Looking after yourself

People are a business’s most important resource. Your voice is, arguably, your most important asset. If you don’t look after your voice, who will? It’s something only you can do. Whatever job you do (whether in paid employment, volunteering or as a stay-at-home parent or carer) you are likely to experience some degree of stress from time to time. If you didn’t, you wouldn’t be human. A certain amount of stress is healthy. But when pressure becomes too great or continues for long periods this can be unhealthy.

The five main causes of work-related stress in the workplace (CIPD, 2008) are:

  1. workload
  2. management style
  3. relationships at work
  4. organizational change and restructuring
  5. lack of employee support from line managers

Remember…nothing is as strong as gentleness! So, look after yourself!

Two aspects of health

In general, we can think of looking after two aspects of our health:

Physical health

Issues related to promoting and maintaining good physical health may require lifestyle changes and/or some type of medical intervention (e.g. allergy medication). Whilst smoking tobacco and taking recreational drugs, for example, may be a life style choice, there are now many types of help available to overcome any addiction. Remember that some medications can exacerbate a voice difficulty (e.g. making the throat excessively dry), so always read the ‘side effects’ information about your medication and discuss any concerns with your doctor – he/she may be able to prescribe an alternative.

The following are known to contribute to voice difficulties.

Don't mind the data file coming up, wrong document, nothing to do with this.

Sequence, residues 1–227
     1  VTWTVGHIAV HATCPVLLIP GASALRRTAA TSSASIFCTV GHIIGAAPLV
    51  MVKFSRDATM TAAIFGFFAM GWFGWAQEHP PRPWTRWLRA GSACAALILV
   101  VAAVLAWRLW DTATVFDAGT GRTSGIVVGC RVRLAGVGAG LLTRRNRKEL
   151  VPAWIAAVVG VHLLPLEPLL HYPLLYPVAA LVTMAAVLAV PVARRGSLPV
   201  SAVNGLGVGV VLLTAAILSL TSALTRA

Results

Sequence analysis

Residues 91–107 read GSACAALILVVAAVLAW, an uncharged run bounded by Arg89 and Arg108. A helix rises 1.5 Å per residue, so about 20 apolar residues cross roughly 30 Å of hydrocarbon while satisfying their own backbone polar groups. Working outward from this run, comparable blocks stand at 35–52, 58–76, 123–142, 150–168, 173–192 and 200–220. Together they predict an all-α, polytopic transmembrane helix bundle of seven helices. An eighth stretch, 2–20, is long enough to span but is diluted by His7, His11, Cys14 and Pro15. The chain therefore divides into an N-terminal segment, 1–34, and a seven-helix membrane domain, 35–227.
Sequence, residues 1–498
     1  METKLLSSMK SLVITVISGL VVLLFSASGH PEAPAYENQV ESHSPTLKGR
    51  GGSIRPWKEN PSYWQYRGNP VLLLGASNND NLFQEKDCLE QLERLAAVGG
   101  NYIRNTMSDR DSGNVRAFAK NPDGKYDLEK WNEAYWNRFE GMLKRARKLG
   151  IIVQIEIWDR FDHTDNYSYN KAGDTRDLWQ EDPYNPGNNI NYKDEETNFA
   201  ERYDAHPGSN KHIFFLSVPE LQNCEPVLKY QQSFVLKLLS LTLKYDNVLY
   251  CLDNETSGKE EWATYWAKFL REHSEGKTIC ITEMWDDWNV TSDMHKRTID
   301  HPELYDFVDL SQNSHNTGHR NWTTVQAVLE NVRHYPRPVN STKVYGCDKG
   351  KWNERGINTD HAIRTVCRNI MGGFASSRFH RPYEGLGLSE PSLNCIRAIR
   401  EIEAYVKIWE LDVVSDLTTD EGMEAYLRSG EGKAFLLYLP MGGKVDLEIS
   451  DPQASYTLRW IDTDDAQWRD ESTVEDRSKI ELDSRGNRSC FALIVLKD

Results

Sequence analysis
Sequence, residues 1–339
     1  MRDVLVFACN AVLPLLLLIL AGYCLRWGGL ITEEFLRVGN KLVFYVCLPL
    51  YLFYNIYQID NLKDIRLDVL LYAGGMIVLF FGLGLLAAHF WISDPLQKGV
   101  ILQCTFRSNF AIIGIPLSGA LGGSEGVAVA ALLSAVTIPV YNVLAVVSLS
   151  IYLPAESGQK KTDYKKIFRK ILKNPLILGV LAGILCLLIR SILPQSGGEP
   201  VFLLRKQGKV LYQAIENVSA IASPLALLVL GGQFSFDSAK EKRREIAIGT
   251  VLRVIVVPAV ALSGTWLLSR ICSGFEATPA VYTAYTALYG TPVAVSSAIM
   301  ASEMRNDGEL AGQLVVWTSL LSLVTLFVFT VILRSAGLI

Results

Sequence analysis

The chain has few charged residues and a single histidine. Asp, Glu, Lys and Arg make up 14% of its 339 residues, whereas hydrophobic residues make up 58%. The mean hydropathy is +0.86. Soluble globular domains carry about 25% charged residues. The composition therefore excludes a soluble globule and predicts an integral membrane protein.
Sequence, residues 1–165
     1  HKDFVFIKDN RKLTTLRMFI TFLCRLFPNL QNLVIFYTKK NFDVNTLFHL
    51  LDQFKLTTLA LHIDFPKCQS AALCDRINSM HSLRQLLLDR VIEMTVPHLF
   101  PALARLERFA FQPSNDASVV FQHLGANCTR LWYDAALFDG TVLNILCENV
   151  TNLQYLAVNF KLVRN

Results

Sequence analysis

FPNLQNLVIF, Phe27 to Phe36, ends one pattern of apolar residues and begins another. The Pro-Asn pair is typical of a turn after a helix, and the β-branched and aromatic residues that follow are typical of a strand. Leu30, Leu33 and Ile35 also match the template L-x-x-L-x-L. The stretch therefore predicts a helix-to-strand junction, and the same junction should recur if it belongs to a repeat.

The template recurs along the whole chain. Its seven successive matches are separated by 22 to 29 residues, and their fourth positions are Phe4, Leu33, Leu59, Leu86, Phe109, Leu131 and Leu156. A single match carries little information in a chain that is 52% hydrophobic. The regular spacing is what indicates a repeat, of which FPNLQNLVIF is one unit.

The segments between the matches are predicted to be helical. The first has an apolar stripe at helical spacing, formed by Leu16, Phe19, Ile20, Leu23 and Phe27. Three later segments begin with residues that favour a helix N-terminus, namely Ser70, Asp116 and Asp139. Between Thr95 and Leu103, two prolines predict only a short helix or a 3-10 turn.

• acid reflux
  • bacterial infections
  • viral infections
  • allergies (hay fever, sinusitis)
  • smoking tobacco
  • recreational drugs
  • high caffeine intake
  • some medications (corticosteroids; antihistamines)

Emotional health

The following may contribute to and/or exacerbate a voice difficulty.

  • anxiety
  • depression
  • muscle tensions

Low level anxiety/worry can lead to muscle tensions which affect the head and neck area. This affects the easy movement of the vocal folds, resulting in a muscle-tension dysphonia. It’s important that you learn to recognize symptoms of stress and how you react to them. Then you need to develop a way of managing the stress that works for you. For some people, meditation is the best thing in the world but for others it can be irritating and unhelpful. You may need to explore a few options before you find the best method for you. But remember…

BE KIND TO YOURSELF!

Further reading

Reduced general health and emotional wellbeing are risk factors for exacerbating the effects of functional dysphonia. Maximizing your physical and emotional health is, therefore an important step in alleviating the symptoms of functional voice difficulty. The six prescribed actions are:

Symptoms and causes of functional dysphonia

1. Understanding symptoms and causes of functional dysphonia

Voice production

2. Understanding voice production

Improving vocal habits

3. Improving vocal habits

Effective voice production

4. Using effective voice production techniques

Managing the speaking environment

5. Managing the speaking environment

Maximizing your physical and emotional health

6. Maximizing your physical and emotional health (this article)

References

CIPD (2008) Absence Management Annual Survey Report London: Chartered Institute of Personnel Development.